Court action against the US operator of the pipeline that exploded at Varanus Island nearly four years ago and caused about $3 billion damage to the national economy has been dropped because of a "fatal flaw" in the State Government's case.
Mines and Petroleum Minister Norman Moore told Parliament the prosecution case against Apache Northwest and its co-licensees Kufpec Australia and Tap Harriett had been discontinued in Perth Magistrate's Court yesterday.
Mr Moore said there had been a fatal flaw in the prosecution case over the explosion on June 3, 2008 that slashed WA's gas supplies by 30 per cent for nearly 10 weeks.
He said there had been no substantial prospect of establishing two essential elements of the prosecution, which was based on an allegation that the company had failed to maintain the pipeline in "good condition and repair".
Mr Moore said the State was unable to negate a statutory defence that senior company executives did not hold the "honest and reasonable but mistaken belief" that the section of the pipeline had been in good condition and repair.
There was also a "technicality" relating to a 0.7km section of the infrastructure where the rupture had occurred. In a variation document from 1992, the 0.7km section had been referred to as "pipeworks" instead of a "pipeline".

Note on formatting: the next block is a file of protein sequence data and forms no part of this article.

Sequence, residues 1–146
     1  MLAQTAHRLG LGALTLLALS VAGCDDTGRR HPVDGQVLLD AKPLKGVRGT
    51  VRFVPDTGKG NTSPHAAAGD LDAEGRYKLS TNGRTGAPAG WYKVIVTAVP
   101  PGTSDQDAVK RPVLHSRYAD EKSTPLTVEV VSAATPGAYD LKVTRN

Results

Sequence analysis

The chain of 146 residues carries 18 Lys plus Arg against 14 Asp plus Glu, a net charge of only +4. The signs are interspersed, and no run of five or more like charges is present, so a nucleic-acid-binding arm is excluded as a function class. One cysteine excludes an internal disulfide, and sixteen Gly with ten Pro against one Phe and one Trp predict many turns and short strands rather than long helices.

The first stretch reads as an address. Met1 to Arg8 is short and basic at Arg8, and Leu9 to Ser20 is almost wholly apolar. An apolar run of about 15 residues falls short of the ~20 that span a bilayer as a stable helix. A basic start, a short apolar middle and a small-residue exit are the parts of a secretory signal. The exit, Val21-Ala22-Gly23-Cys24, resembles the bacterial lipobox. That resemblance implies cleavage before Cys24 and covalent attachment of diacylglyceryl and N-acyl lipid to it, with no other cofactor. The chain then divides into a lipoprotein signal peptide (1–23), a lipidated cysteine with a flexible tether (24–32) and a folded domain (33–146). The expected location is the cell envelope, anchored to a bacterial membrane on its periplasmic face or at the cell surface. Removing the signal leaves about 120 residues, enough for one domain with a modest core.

Outside Parliament, Mr Moore said he was frustrated, angry and extremely disappointed that the court action could not be pursued.
"But that doesn't mean that they will necessarily get off scot-free," he said. "There may well be civil litigants in the community who will take action against Apache on the basis of losses incurred."
He said he had been awaiting the outcome of the case to release a report into the cause of the explosion.
Given the case had been dropped, he would comply with an undertaking given to the Supreme Court to allow Apache a fair and reasonable time to review the report before publishing the document.
But shadow mines and petroleum minister Jon Ford demanded the Government immediately release the report under the privilege of Parliament.
Federal Resources Minister Martin Ferguson also lamented the delay in the release of the report, saying it had prevented the industry applying the lessons learnt.
Report co-author Kym Bills said he would be pleased when his findings were finally tabled.Apache would not comment.
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